Theatre Review: East Belfast Granny at the EastSide Arts Festival, Belfast

East Belfast Granny

Partisan Productions
Written by Fintan Brady
Director: Fintan Brady
Cast: Luna Kalo
East Side Arts Festival
Ballymac Friendship Centre, Belfast

8 August 2018

Watching East Belfast Granny in the colourful heart of East Belfast just off the Newtownards Road, and having watched East Belfast Boy at the Strand Arts Centre the previous evening, it was ever more apparent that Fintan Brady's work on his East Belfast series of plays is not so much entrenched in the community as a representative force of voices rising out of it, seeking expression and finding a vital outlet for it in community art projects such as this. For an outsider it can be difficult to relate to those voices and dismiss them as being part of the problem, but Brady's working methods and treatment highlights that they are not so much the problem as the victims of deeper problems in our society.

The East Belfast Granny might in fact have the most issues to deal with, since not only does she have her own life to try and keep on track - if she ever really had control of it in the first place - but she has her family's problems to deal with as well, seeing the problems of one generation passed down to the next with no signs of any way out. Watching East Belfast Boy the previous night, I considered whether there might be a connection between this play and Davy's granny, who he talks about being a psychic and having to deal with the pain of a brother in the army dying in a car crash in Colchester, but there's no strict family connection here between Sarah and Davy. Not that we know of anyway.

On the other hand, Fintan Brady's method of writing involves workshopping with people from all parts of the community in East Belfast and some of the stories that find his way into his plays come from a variety of different people, Sarah and Davy being composite characters drawn from many people and conversations, so there could indeed be a bit of Davy's granny in Sarah. What is important however is that the stories they tell are exceptional but more common then you might think; they are problems that we can all relate to, if not directly, at least from the experiences of close family members, friends and neighbours.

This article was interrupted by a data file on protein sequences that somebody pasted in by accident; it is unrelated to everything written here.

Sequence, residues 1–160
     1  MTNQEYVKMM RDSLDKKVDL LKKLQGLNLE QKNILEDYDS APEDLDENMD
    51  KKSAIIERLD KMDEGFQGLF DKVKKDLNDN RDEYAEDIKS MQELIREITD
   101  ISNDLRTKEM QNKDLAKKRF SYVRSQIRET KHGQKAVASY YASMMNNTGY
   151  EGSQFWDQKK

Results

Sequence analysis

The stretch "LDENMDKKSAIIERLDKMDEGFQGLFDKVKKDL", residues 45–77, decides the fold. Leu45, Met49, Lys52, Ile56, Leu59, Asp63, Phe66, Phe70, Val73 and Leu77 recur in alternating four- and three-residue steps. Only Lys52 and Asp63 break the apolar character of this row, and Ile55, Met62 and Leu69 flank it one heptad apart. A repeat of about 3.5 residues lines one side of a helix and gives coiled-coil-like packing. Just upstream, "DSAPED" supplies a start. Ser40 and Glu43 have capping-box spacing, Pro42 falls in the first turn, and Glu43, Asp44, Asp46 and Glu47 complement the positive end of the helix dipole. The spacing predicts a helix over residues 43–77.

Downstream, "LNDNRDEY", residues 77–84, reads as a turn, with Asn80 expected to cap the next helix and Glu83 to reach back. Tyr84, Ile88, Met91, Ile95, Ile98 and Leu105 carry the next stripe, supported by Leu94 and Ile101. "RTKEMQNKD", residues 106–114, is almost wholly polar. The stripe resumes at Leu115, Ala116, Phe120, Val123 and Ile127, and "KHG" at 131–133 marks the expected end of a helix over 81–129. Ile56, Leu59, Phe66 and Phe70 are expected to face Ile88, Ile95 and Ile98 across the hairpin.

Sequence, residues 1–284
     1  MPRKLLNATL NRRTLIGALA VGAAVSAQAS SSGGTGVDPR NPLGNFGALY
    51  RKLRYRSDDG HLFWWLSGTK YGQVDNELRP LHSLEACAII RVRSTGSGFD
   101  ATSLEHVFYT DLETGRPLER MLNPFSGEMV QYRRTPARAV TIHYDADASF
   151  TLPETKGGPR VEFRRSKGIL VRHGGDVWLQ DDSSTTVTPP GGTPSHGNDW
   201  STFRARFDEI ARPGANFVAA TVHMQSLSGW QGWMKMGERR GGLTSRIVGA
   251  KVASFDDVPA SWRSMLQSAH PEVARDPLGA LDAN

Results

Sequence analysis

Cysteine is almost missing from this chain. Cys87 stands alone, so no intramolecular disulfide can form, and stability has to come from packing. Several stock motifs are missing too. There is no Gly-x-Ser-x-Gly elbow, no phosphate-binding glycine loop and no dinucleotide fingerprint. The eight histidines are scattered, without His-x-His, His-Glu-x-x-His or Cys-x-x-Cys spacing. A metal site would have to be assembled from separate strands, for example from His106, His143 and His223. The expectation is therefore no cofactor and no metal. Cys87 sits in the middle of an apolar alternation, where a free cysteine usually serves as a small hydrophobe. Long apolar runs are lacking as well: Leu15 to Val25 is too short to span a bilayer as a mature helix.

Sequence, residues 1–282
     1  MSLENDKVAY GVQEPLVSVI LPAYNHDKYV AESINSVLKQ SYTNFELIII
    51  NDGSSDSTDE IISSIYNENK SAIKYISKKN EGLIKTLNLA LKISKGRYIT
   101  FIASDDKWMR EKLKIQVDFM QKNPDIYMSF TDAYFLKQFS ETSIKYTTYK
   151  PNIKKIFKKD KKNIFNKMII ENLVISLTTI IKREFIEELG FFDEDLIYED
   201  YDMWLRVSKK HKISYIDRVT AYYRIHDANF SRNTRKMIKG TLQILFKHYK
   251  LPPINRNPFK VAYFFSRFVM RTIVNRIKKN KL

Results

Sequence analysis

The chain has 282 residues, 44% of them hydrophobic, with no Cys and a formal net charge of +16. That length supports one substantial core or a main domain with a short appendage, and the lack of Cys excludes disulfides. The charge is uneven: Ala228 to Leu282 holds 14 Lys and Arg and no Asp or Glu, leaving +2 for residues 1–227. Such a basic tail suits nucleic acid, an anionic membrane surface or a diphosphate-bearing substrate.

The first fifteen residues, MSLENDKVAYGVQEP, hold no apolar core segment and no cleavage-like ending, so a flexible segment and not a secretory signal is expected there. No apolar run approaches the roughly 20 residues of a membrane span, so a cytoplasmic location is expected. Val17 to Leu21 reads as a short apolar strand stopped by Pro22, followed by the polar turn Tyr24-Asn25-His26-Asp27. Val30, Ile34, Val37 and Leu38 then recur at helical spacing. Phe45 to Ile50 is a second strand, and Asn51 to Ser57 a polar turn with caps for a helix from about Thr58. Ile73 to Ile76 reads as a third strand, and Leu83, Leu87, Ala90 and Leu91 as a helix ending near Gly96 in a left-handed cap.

So, Sarah the East Belfast Granny is not some grey-haired old lady sitting in a rocking chair and doing her knitting, but still a relatively young woman in her 40s and as such she is a mother and grandmother who has the weight of a life's experience bearing down on her that she is ill-equipped to deal with. She's not the psychic of Davy's granny then, but she has had out-of-body experiences with an addiction to prescription drugs and is no stranger to the experience of early unexpected deaths in her close immediate family.

Sarah's way of expressing the issues that affect her are very different from East Belfast Boy Davy's manic behaviour, but in many ways she has fallen into similar life traps. Pregnant at 19, she looks back on opportunities that have passed her by, recalling the thrill and excitement of being an 'entrepreneur' selling burgers on the night of the new millennium, making £7,000 and blowing it all on a luxury holiday. She's seen what life could be and recalls that little success fondly as one of those magical moments that now seem like a dream, but the reality is that her path in life has already been predetermined.

Sarah's life is not a dream, even if it might sometimes feel like she is walking on air and detached from reality, focussed only on getting through the next few hours until she can take another pill to get her through the next few. It's not so much a living dream as a nightmare. Like Davy searching for the line in his music, she's trying to find something to cling to that will give her life shape and direction, and that ought to be family, but it also brings with it conflicting pressures of money worries, dealing with her partner in prison, looking after her children and her grandchildren, and each of them bring their own problems. She only wants the best for her family, but can see that the choices they make are limited by their environment and social background, and their lives are also on a predetermined course towards a dead end, or a bad end.

None of this is made quite that explicit in Brady's play. East Belfast Granny is in fact even more ambitious than East Belfast Boy in how it lets its poetic imagery and fragmented composite approach place the burden on the audience to interpret and fill in the blanks. Sarah seems unable to follow a story through to its conclusion, whether through being incapable of holding thoughts together or it could be just that some stories don't have any endings, or not any endings you want to revisit. The writing is consequently more meaningful and real when you have to supply your own experience, or the awareness you might already have of these issues from the press and the local news.

What I found just as impressive as Fintan Brady's approach and just as important as Partisan Production's close community work, were the theatrical production values of East Belfast Granny. It's much more than a one-woman show, although Luna Kalo inevitably shoulders the burden of the work and successfully brings the audience into the reality of Sarah's life without any special pleading, but even within the intimate confines of the Ballymac Friendship Centre, Sarah's world is opened out with projections, moving images, effective lighting and a live music accompaniment. On its own and in the totality of the East Belfast Trilogy, this is an impressive and important expression of voices that otherwise have no other presence or outlet, but need to be heard.

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